Or is it but the nightly dew

That down from heaven hath flown?"

"The dew would show its wonted care,
And weep on my beloved stone;
But ah! the pearls that glisten there
Are but my tears alone!"

"A noble hero!-and in tears?

A brave young man-and weakly pine? O come where gleams the sheen of spears, And Love's warm glance divine!"

"Let others kneel at Beauty's throne, Or up the gleaming falchion take; For me-I tarry by this stone

Until my heart will break!"

"Oh! tell me, then, thy heart's deep woe-
What sorrow chains thee to the stone?"
"Ah! yes, from lips the tale will flow,
That speak of this alone!-

Last night I crossed the mountain near,
And sought this verdant vale of rest
A sweet voice whispered in mine ear—
A sweeter lip to mine was prest!—

It was a beauteous Fairy form,

That thus about the wanderer played, And twined a garland bright and warm

Around us twain, that ne'er can fade.

of the new mine of San Adrian, will receive with great hospitality, at his house in Zacatecas, any English traveller who may pass through that city, and will, if desired, relate all the particulars of the remarkable, accident to which he was mainly indebted for his rise in the world. Doña Margarita, his very lady-like wife, will confirm the account by her own testimony, and by the additional token of a long-haired, black-eyed urchin, some five or six years old, bearing the identical name of Adriano, in commemoration of the event which happened shortly before his birth; so that the essential truth of the story may be considered as established beyond the possibility of a doubt.

She called me her beloved lord

She called herself a wife's dear name;
And gave to me, with glad accord,
Her wondrous sweet and tender frame.
That moment did the Night withdraw
Her vaporous veil so dark and damp;
As through the roof of leaves we saw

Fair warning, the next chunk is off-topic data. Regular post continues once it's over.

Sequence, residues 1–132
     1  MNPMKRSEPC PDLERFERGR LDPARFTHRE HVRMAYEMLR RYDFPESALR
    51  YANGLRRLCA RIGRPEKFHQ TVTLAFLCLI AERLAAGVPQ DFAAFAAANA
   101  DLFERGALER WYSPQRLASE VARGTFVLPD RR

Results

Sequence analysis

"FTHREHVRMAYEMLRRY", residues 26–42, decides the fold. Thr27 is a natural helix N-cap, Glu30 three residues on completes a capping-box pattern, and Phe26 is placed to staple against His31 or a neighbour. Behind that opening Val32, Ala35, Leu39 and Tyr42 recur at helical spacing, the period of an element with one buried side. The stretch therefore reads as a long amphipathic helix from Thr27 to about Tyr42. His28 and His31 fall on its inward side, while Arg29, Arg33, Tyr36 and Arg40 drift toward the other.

The Moon suspend our nuptial lamp.
And as it paled before the day,

And sank amid the silent sea,
She reached her hand and cried-' Away!
Beloved, hence! from me!

Hence !-hence!-for ere the sun has smiled,
I too must far from this have flown:
One beam on me, the Fairy Child,
Would turn me into stone.

For this, through Time's unnumbered years,
Has been the Sun's unquestioned right;
But till the morning-red appears,

The Fairy People rule the night!'

Audacious boy! Oh! sad event!

I prayed, and kissed her thousand charms, Until she, weeping, gave consent

To linger still within my arms.

But through her tears she sang this strain-
'Ah! many and many a happy night
Might I within thy arms have lain,
If thou didst not that promise blight.

I cannot bring my lips to speak
Denial to that prayer of thine-
And see! upon the purple peak
The day begins to shine!

Farewell, beloved murderer mine!

Farewell! thy clasping hands unbind !'Scarce shrieked I fly!' when came the Shine, When came the cooling morning wind. There in my very hands she grew

A lifeless stone, so hard and cold;
There from my heart the life-blood flew,
And strength grew weak, and youth grew old.
A lifeless stone!-O bitter woe!

My joy! my grief! my Elfin Bride!
On this, through life, my tears shall flow-
In death I'll sleep beside!"

Dublin U. Mag.

From the London Times.